In the hands of a lesser writer, Songs for the Missing could have been an exercise in bathos.
The subject of Stewart O'Nan's 12th novel is every parent's nightmare: the disappearance of a child. It's a story as familiar as a photo on a milk carton, as unimaginable as death.
It's also a situation that has been the basis for countless tearjerking and predictable movies and TV episodes. Not in this novel; Songs for the Missing has an emotional austerity and courage that make it far more moving.
The book begins in a golden age, the kind of moment that glows in the memory for decades: "July, 2005. It was the summer of her Chevette, of J.P. and letting her hair grow. The last summer, the best summer, the summer they'd dreamed of since eighth grade, the high and pride of being seniors lingering, an extension of their best year."
Kim Larsen is the girl with the Chevette (her grandmother's old car). Kim is pretty and popular and athletic, a little bit of a wild child, a little bit of a smart aleck. She and her best bud, Nina, work at the Conoco station at the Interstate 90 exit to Kingsville, Ohio, her small-town hometown, and Kim can't wait to leave for college.
Little more than a month from that planned departure date, she spends the morning helping her younger sister, Lindsay, practice driving, then passes a few lazy hours swimming in the nearby river with her boyfriend, J.P., Nina and other friends. Due for work, she tells Nina, "See you there, Squinky Square," drives off — and vanishes without a trace.
Hours pass before anyone realizes it. Her family thinks she's working her shift, Nina thinks she has blown it off. Once her absence is undeniable, the police seem grudging — Kim, after all, is 18. Kids take off, even though parents always say their child wouldn't.
But once it becomes clear something dire has occurred, the media swarm in, the search parties amass, and Kim becomes a face on a thousand fliers, the kind we notice posted on the window of the convenience store, thinking, "Looks like a sweet girl" — and then forget.
O'Nan takes us into the lives of the people who hang up those fliers, update the Web sites, plead for their child's return, organize fundraisers to continue the search — and watch their own lives turn unrecognizable.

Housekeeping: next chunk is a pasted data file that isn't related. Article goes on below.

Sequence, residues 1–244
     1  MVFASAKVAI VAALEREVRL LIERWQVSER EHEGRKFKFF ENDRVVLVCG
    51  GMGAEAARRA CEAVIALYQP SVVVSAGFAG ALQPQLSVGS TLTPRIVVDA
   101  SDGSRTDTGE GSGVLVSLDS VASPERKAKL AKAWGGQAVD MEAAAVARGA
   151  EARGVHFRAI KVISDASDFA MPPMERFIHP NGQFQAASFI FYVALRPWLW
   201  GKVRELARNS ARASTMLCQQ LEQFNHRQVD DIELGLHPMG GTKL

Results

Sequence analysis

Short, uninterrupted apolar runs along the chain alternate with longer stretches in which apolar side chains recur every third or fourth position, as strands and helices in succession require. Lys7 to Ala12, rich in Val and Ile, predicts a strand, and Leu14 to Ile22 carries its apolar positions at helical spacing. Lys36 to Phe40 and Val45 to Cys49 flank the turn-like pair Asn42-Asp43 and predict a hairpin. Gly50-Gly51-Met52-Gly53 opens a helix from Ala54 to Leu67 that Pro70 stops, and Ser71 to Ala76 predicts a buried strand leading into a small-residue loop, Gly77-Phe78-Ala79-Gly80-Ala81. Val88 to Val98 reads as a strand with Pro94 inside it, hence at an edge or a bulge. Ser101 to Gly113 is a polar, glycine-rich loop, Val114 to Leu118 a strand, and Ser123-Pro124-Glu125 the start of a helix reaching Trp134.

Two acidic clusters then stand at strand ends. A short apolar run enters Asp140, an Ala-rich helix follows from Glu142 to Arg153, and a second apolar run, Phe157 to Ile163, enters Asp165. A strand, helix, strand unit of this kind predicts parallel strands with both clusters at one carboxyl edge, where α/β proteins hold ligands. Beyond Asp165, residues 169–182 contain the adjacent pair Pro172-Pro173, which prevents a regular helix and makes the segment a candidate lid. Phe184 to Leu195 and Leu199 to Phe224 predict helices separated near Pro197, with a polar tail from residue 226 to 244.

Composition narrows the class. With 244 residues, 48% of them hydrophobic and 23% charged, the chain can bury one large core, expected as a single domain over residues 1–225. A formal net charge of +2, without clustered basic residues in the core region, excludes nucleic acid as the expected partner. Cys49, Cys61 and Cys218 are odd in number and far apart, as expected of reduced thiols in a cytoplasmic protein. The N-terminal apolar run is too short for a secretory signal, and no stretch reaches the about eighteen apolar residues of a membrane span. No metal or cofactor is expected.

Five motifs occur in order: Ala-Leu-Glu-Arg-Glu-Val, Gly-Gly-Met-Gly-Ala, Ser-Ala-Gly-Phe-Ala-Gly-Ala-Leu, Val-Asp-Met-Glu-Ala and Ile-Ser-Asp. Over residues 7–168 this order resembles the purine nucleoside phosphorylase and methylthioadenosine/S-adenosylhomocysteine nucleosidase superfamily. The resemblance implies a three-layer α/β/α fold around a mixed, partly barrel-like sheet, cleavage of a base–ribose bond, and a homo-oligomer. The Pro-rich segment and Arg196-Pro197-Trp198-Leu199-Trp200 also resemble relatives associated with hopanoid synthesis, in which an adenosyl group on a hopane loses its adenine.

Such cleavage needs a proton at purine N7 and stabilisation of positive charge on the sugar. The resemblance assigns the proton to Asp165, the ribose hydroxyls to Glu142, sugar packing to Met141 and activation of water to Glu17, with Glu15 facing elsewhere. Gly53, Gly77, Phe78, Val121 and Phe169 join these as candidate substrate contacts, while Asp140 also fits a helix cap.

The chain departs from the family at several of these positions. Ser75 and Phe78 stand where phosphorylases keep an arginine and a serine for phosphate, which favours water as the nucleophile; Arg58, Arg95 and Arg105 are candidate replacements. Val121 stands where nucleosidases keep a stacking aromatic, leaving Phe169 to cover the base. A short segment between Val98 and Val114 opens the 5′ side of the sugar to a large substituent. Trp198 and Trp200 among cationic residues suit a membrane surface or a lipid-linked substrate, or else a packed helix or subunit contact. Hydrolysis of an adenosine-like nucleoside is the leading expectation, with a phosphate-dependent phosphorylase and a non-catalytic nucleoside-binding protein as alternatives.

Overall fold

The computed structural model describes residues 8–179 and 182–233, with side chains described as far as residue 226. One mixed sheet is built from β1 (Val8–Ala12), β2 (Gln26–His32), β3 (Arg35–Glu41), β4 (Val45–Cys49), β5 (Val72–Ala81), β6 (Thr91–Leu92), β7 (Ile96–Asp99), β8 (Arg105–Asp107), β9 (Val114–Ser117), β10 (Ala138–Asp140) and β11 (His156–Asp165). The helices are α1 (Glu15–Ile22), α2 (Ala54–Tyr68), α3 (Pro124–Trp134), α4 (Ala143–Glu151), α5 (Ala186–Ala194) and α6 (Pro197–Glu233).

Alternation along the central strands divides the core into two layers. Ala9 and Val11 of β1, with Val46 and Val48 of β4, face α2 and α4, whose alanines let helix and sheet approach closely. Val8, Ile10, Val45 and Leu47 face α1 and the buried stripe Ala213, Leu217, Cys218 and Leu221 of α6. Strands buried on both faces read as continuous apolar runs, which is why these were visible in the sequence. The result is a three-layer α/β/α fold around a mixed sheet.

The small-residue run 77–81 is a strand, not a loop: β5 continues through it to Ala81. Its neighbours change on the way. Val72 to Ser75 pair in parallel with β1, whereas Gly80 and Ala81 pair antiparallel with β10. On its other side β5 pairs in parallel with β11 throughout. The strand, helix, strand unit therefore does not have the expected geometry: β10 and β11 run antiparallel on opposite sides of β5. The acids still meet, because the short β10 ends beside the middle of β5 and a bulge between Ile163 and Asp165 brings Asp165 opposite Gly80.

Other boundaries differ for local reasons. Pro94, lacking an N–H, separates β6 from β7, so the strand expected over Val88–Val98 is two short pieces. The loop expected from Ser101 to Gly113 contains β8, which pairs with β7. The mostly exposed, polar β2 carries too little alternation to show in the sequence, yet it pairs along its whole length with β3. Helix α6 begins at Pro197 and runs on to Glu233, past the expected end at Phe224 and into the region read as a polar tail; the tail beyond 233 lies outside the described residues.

The shattering effects of such random events on teenagers and their families is territory O'Nan has explored before; his 2003 novel The Night Country revolved around the victims and survivors of a lethal car crash.
Unlike that kind of event — in which before and after, alive or dead are clear categories — Kim's disappearance plunges her family and friends into an utterly disorienting limbo.
O'Nan masterfully moves the third-person narrative among the viewpoints of several characters, both to build suspense and to reveal how each person knows a different Kim.
The book focuses mainly on Kim's family: her father, Ed, a real estate agent; her mother, Fran, who works in a hospital emergency room; and her sister, Lindsay. Kim's parents love her deeply but know as much about her daily life as any 18-year-old's parents — that is, not much, and mostly what she wants them to know. To Lindsay, she's both ideal and irritant — Lindsay is the grind, the klutz, the loner, known as "Little Larsen" and eager to be out of Kim's shadow. Until Kim disappears.
At first, the family reacts to Kim's absence by flinging themselves into searching for her. They lead hundreds of volunteers through fields and riverbanks to hunt for clues, they step out their front door to face TV cameras, they chivy the police.
In those melodramatic movies about vanished teens, such methods work. O'Nan recounts, in spare but evocative prose, what happens as the days and weeks and months pass, the volunteers dwindle, the satellite trucks pursue another breaking tragedy, and the family and friends of the missing child must face themselves.
One of the great strengths of Songs for the Missing is that very little of what happens then is what you might expect — and yet it rings entirely, heartbreakingly true.
Colette Bancroft can be reached at [email protected] or (727) 893-8435.